Mike Lindell’s auction of MyPillow equipment is not doing well, with initial low bids for the products below the market value.
Here you have what you need to learn about the news.
Mike Lindell’s Auction of MyPillow Equipment Is Not Going To Plan
MyPillow owner Mike Lindell has begun auctioning off more than 800 items, including pillow-making equipment, this month. However, the company appears to have a slow beginning, with more than 100 items having no bids and many items being auctioned for well below the market price.
The auction came after Lindell said he lost $100 million in revenue due to big retailers halting sales of the company’s products. He claimed the move by customers to pull back on ‘cancel culture.’
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MyPillow is currently auctioning its 854 items on the online site K-Bid, with bidding due to finish at different times on Tuesday. Of the available products, over 100 items have yet to receive a single bid, including a 60-door locker unit, a package of 54-span track rollers, and a large wooden desk with two swivel chairs.
On the other hand, products that have received a top bid appear to be significantly lower than the product’s market value. For example, a 45-inch by 20- inches Hytrol Power Belt Conveyor is currently going for $5, but similar products are sold for above $250 on other second-hand websites.
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Similarly, an entry security cage of 88×66×99 inches in size also has $5 as the top bid, but identical items are sold for $1000 on other sites.
With low initial bids, Lindell’s auctioning plan does not seem to go well. Meanwhile, several social media users took the opportunity to criticize MyPillow CEO and mock him.
One Twitter user called Lindell’s auction a disaster, posting a screenshot from one of the lots and wrote, “Mike Lindell’s emergency auction is a disaster. There are dozens of items with $5 bids. Plus, they have pallets of ‘surplus’ pillows selling for $51 a pallet.”
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Another user posted faces with tears of joy and commented, “Industrial machines selling for $5 right now.”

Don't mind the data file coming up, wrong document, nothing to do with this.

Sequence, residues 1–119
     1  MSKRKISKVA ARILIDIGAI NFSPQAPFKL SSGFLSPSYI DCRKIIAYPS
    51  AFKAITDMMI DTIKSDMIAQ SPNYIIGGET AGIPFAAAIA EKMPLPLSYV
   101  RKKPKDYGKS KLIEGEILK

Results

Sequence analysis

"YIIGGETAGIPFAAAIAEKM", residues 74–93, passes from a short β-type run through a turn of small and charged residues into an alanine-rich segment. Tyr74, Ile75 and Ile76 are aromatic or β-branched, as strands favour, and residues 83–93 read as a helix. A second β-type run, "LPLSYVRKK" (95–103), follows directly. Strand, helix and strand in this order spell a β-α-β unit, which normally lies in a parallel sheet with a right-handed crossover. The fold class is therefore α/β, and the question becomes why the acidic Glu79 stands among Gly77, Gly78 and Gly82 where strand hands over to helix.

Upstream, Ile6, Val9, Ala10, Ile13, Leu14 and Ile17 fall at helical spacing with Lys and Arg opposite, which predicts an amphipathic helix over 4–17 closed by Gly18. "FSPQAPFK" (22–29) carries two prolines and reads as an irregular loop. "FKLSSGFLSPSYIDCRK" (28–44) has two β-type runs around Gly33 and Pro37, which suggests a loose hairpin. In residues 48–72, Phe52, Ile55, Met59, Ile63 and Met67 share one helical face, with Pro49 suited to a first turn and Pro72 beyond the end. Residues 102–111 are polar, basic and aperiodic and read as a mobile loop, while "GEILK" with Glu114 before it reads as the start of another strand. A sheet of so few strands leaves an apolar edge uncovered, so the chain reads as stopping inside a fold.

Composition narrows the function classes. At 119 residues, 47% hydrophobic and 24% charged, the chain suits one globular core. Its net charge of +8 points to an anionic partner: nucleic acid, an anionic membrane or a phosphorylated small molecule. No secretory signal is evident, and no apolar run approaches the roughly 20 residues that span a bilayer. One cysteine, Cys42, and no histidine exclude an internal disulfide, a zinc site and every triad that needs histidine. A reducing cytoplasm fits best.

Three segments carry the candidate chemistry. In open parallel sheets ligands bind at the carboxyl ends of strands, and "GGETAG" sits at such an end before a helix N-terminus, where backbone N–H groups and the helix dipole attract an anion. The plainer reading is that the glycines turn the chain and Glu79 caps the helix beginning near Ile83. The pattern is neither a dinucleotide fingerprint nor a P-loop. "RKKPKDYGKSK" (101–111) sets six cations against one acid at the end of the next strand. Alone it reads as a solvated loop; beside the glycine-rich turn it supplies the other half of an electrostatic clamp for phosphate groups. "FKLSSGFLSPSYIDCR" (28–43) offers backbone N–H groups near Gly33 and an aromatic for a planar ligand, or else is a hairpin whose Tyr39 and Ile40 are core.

Yet another user mocked him in writing, “Is he also auctioning off his ‘evidence’ about the election?”
In an interview, Lindell said the auction reflects a change from big box and mall store sales to a direct-to-consumer approach. He asserted that MyPillow had to work fast after big multinational retail stores canceled his product and that the company had much inventory to consider.
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Lindell is a vocal supporter of former President Donald Trump and is the latest conservative figure believed to have faced consequences of backing Trump’s baseless claims of stolen election without firm evidence.
The CEO claimed to have lost millions of revenue after he became a vocal proponent of the conspiracy theory that the 2020 presidential election was stolen to win against the Republican candidate.
Lindell’s business was hard-hit after multiple retailers moved away with MyPillow. Last year in June, Walmart indicated that stores would no longer carry MyPillow products, although they would still be available online. Other retailers like QVC, Costco, JCPenney, Bed Bath & Beyond, and Wayfair have also distanced themselves from Lindell’s MyPillow.
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Furthermore, Minnesota Bank & Trust, in February last year, ceased Lindell as a client after a month when the bank called him a ‘reputation risk.’
Additionally, Lindell is facing a billion-dollar detention lawsuit from the voting-equipments company Dominion Voting Systems and another lawsuit from Smartmatic over charges of pushing the election-fraud claims.
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